TY - JOUR

T1 - Economical estimates of oxygen uptake as a function of gait parameters for an ambulatory monitoring systems

AU - Takahashi, Tatsuhisa

AU - Wang, Shuoyu

AU - Okada, Akiyoshi

AU - Yanagida, Hirotaka

AU - Matsuo, Takashi

AU - Kuwayama, Takashi

AU - Niizeki, Kyuich

AU - Watanabe, Shinichi

AU - Natsui, Junichi

PY - 2009

Y1 - 2009

N2 - To examine a method to save time and money with empirical equations representing the relationship between oxygen uptake (VO2), walking speed (v), step frequency (SF), and step length (SL), we recorded the VO2 and SF of 7 young male volunteers walking at an increasing speed from 16.7 to 131.7 m min-1 with 5 m min-1 increments every 1 min, and at a decreasing speed from 106.7 m min-1 for 5 min to 16.7 m min-1 with 5 m min-1 decrements every 1 min on a level treadmill. SL was also computed by dividing walking speed by SF. The VO2 during decremental-speed walking was significantly greater compared to that during incremental-speed walking at corresponding speeds. The SF and SL could be expressed as a function of speed by SF=√13.18v and SL=0.076√ v, respectively, regardless of the different modes of walking with respect to speed. To estimate the VO2 during walking at different speeds, the results of the increments and decrements were combined by averaging them with respect to speed (VO2 = 1.454 × 10-4v2-6.5 × 10-3v+ 0.663, r=0.999, n=7). In a mathematical model of the cardiorespiratory system, the average values of VO2 at a given speed, even though there were on- and off-phase responses, could be predicted within 7.4% of the theoretical steady-state value. These results suggest that the VO2 against walking speed can be estimated by averaging the responses between the increments and decrements of moderate speeds. This could improve exercise tests for VO2 estimates in terms of time and money. In addition, by using the close relationship between SF and v, VO2 can be also expressed as a function of SF.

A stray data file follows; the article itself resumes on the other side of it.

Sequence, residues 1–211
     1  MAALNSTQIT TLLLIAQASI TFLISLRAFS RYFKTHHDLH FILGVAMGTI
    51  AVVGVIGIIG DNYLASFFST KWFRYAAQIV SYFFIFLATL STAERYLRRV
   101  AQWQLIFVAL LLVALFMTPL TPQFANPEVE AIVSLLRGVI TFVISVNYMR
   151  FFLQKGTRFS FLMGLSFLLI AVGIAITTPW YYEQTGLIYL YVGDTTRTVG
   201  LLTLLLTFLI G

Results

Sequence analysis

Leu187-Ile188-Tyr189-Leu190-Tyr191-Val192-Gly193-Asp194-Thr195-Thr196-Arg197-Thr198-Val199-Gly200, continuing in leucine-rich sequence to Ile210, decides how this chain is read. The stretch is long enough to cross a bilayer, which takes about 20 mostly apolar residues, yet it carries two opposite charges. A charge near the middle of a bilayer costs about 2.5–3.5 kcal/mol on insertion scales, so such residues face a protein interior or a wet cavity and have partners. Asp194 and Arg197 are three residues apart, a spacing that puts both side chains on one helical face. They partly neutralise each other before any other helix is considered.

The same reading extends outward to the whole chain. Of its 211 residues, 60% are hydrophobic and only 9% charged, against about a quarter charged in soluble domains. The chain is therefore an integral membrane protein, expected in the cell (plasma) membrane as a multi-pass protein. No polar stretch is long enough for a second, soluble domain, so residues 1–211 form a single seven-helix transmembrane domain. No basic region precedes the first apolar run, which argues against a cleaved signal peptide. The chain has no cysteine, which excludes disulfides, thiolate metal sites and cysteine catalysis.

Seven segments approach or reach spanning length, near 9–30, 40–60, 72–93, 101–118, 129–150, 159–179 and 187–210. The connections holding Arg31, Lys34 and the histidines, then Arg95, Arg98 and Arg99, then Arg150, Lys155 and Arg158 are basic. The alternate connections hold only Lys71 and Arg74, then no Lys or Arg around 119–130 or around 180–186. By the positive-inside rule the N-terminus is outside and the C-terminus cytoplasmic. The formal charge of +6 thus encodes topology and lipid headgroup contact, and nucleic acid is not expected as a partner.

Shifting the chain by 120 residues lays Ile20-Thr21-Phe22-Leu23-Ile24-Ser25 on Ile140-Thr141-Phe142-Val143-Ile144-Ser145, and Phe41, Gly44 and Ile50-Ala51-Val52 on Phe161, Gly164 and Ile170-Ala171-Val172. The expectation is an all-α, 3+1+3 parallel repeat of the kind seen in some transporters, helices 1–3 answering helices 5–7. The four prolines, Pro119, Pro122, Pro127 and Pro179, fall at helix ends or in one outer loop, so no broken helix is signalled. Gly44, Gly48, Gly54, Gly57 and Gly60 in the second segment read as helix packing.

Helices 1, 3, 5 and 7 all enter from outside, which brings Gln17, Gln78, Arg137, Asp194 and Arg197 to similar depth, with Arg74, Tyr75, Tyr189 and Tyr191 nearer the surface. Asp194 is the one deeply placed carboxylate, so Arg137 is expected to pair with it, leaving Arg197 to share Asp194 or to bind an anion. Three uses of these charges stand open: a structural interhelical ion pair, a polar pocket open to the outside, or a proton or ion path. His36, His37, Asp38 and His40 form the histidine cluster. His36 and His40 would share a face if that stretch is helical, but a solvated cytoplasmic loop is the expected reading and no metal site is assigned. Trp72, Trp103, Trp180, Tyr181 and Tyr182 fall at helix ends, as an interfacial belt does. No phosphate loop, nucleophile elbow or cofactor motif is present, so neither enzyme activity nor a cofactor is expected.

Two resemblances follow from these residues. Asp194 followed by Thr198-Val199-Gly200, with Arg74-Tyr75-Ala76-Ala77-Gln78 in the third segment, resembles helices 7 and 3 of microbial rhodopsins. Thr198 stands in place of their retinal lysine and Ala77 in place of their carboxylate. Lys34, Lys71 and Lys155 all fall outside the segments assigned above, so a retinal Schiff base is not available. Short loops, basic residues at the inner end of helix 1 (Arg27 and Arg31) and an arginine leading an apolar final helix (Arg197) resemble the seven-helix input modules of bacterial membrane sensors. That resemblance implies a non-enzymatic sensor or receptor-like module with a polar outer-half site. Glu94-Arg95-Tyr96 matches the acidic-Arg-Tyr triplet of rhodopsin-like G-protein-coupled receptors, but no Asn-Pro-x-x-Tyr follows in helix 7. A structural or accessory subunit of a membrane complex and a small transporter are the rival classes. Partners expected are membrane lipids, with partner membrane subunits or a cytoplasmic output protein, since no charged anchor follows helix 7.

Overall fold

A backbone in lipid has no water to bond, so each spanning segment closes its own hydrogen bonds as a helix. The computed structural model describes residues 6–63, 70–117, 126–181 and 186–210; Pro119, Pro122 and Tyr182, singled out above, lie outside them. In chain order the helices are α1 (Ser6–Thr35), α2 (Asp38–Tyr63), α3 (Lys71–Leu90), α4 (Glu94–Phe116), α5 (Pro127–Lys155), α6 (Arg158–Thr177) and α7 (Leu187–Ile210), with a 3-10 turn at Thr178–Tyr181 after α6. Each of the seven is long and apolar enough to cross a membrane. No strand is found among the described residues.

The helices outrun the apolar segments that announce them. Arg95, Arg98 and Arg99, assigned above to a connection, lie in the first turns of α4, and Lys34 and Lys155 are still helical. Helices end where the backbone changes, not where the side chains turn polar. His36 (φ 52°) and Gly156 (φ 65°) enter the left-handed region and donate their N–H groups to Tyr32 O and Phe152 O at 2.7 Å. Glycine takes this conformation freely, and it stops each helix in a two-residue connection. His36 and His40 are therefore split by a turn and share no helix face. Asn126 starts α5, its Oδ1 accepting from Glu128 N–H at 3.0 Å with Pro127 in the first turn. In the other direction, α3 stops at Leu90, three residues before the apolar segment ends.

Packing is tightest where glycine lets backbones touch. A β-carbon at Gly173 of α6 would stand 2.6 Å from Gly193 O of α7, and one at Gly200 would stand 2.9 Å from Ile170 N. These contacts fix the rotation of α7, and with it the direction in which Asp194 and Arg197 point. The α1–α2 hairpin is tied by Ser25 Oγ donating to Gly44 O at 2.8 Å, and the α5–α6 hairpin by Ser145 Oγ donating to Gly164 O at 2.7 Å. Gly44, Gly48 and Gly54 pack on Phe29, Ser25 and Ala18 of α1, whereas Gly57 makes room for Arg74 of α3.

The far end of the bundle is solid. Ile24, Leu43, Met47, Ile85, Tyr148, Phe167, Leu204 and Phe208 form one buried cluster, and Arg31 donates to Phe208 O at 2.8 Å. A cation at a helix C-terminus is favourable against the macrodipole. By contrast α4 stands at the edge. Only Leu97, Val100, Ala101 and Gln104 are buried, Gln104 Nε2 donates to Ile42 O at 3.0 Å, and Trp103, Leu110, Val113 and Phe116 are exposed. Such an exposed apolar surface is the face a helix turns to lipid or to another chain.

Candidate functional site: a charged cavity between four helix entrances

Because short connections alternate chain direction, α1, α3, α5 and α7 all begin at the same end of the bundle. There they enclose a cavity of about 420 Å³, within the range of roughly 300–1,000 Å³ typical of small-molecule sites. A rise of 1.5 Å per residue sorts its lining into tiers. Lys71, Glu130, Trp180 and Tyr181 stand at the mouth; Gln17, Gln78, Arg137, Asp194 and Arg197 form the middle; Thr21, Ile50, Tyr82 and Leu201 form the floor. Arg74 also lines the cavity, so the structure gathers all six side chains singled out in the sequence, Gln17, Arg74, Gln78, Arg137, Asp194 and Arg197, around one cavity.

AB - To examine a method to save time and money with empirical equations representing the relationship between oxygen uptake (VO2), walking speed (v), step frequency (SF), and step length (SL), we recorded the VO2 and SF of 7 young male volunteers walking at an increasing speed from 16.7 to 131.7 m min-1 with 5 m min-1 increments every 1 min, and at a decreasing speed from 106.7 m min-1 for 5 min to 16.7 m min-1 with 5 m min-1 decrements every 1 min on a level treadmill. SL was also computed by dividing walking speed by SF. The VO2 during decremental-speed walking was significantly greater compared to that during incremental-speed walking at corresponding speeds. The SF and SL could be expressed as a function of speed by SF=√13.18v and SL=0.076√ v, respectively, regardless of the different modes of walking with respect to speed. To estimate the VO2 during walking at different speeds, the results of the increments and decrements were combined by averaging them with respect to speed (VO2 = 1.454 × 10-4v2-6.5 × 10-3v+ 0.663, r=0.999, n=7). In a mathematical model of the cardiorespiratory system, the average values of VO2 at a given speed, even though there were on- and off-phase responses, could be predicted within 7.4% of the theoretical steady-state value. These results suggest that the VO2 against walking speed can be estimated by averaging the responses between the increments and decrements of moderate speeds. This could improve exercise tests for VO2 estimates in terms of time and money. In addition, by using the close relationship between SF and v, VO2 can be also expressed as a function of SF.

KW - Step frequency

KW - Step length

KW - Walking exercise

KW - Walking speed

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M3 - Article

AN - SCOPUS:63049096013

SN - 0289-8020

VL - 30

SP - 219

EP - 225

JO - Therapeutic Research

JF - Therapeutic Research

IS - 2

ER -